Acute hemodynamic effects of abdominal exercise with and without breath holding

Jonathan T. Finnoff, Jay Smith, Phillip A. Low, Diane L. Dahm, Shawn P. Harrington

Research output: Contribution to journalArticlepeer-review

11 Scopus citations


Objectives: To compare the magnitudes of change in heart rate, systolic blood pressure (SBP), diastolic blood pressure (DBP), mean blood pressure, and rate-pressure product (RPP) during 3 abdominal exercises: straight partial sit-up (SPSU), oblique partial sit-up (OPSU), and the AbSculptor® sit-up; and to examine the effect of breath holding on these parameters. Design: Prospective, repeated measures. Setting: Autonomic research laboratory in a major medical center. Participants: Fourteen normal male and female volunteers (age range, 24-37y; mean, 30.4y). Interventions: Hemodynamic parameters were recorded during each abdominal exercise performed with and without breath holding. Mean peak values were calculated for 1 minute before exercise, during exercise, and for 10 minutes after exercise. Main Outcome Measures: Statistical analysis examined for differences in the hemodynamic changes among the 3 exercises under both conditions (with and without breath holding). Results: Heart rate, SBP, DBP, mean blood pressure, and RPP increased during all 3 exercises. The mean peak heart rate and RPP increases were greater for the OPSU than the Ab-Sculptor (heart-rate increase, 21.1±6.6bpm vs 17.6±5.7bpm, P=.03; RPP increase, 36.9±15.5bpm·mmHg vs 29.4±10.1bpm·mmHg, P=.05). For all 3 exercises, breath holding significantly increased the hemodynamic parameter elevations during exercise, with the exception of heart rate (SBP, P<.001; DBP, P<.001; mean blood pressure, P<.001; RPP, P=.02). Quantitatively, breath holding during the OPSU resulted in the largest exercise-associated increases in heart rate (21.0±8.1bpm), mean blood pressure (22.2±16.4mmHg), and RPP (44.9±22.3bpm·mmHg). Postexercise, all hemodynamic parameters generally returned to baseline within several minutes. Conclusion: When performing the OPSU, SPSU, or the AbSculptor exercises as used in this investigation, normal individuals exercising at low intensities may experience peak heart rate and mean blood pressure increases of 30bpm and 50mmHg, respectively. Voluntary breath holding significantly increased the peak blood pressure elevations and RPP for all 3 exercises, but particularly for the OPSU.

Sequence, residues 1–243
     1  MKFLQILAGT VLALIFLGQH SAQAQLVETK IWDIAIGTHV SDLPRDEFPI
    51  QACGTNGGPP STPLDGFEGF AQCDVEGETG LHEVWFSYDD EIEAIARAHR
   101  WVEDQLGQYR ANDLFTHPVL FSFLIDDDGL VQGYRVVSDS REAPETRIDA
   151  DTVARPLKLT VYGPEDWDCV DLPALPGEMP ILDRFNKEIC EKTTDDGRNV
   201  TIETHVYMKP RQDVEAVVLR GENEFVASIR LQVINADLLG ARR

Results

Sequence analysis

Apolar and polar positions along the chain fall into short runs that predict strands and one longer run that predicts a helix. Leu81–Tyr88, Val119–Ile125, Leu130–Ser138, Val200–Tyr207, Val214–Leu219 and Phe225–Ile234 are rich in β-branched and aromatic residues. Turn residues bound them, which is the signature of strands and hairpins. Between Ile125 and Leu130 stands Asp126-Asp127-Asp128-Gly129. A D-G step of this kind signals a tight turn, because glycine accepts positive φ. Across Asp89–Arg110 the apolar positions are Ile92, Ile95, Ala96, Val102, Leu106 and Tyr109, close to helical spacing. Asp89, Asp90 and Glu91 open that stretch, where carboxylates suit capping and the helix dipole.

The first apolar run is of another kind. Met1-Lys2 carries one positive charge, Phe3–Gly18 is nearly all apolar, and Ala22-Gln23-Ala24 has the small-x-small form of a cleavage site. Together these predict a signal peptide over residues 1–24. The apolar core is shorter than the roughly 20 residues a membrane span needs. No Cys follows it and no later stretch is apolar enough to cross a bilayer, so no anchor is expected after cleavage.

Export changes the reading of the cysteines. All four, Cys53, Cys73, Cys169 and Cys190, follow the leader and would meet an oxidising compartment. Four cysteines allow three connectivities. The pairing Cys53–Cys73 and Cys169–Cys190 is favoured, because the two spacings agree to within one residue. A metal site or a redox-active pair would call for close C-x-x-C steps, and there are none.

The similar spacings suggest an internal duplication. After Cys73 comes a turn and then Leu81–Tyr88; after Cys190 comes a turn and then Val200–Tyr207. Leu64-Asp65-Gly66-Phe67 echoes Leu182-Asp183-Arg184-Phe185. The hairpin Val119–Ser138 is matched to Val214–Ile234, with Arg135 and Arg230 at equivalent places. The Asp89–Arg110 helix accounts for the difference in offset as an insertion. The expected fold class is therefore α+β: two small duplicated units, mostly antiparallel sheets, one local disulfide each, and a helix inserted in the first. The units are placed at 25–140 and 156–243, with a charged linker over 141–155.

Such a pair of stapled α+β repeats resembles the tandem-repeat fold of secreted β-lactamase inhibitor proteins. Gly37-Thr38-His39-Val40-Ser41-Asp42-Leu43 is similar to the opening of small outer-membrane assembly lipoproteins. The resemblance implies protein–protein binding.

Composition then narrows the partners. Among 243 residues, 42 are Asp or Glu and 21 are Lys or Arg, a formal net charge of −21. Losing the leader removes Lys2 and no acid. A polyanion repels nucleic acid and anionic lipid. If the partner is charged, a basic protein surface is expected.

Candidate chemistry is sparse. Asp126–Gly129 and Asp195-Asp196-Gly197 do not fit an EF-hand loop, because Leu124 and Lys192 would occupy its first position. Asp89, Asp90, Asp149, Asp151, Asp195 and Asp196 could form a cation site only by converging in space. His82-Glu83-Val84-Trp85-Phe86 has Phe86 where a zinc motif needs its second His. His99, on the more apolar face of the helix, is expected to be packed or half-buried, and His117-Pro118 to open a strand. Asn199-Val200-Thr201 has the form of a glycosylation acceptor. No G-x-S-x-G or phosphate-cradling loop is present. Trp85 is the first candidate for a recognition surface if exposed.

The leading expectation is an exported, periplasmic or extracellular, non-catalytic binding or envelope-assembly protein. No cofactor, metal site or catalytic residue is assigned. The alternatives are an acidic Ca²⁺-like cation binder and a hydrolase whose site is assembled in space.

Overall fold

Original languageEnglish (US)
Pages (from-to)1017-1022
Number of pages6
JournalArchives of Physical Medicine and Rehabilitation
Issue number7
StatePublished - Jul 1 2003


  • Blood pressure
  • Exercise
  • Rehabilitation

ASJC Scopus subject areas

  • Physical Therapy, Sports Therapy and Rehabilitation
  • Rehabilitation


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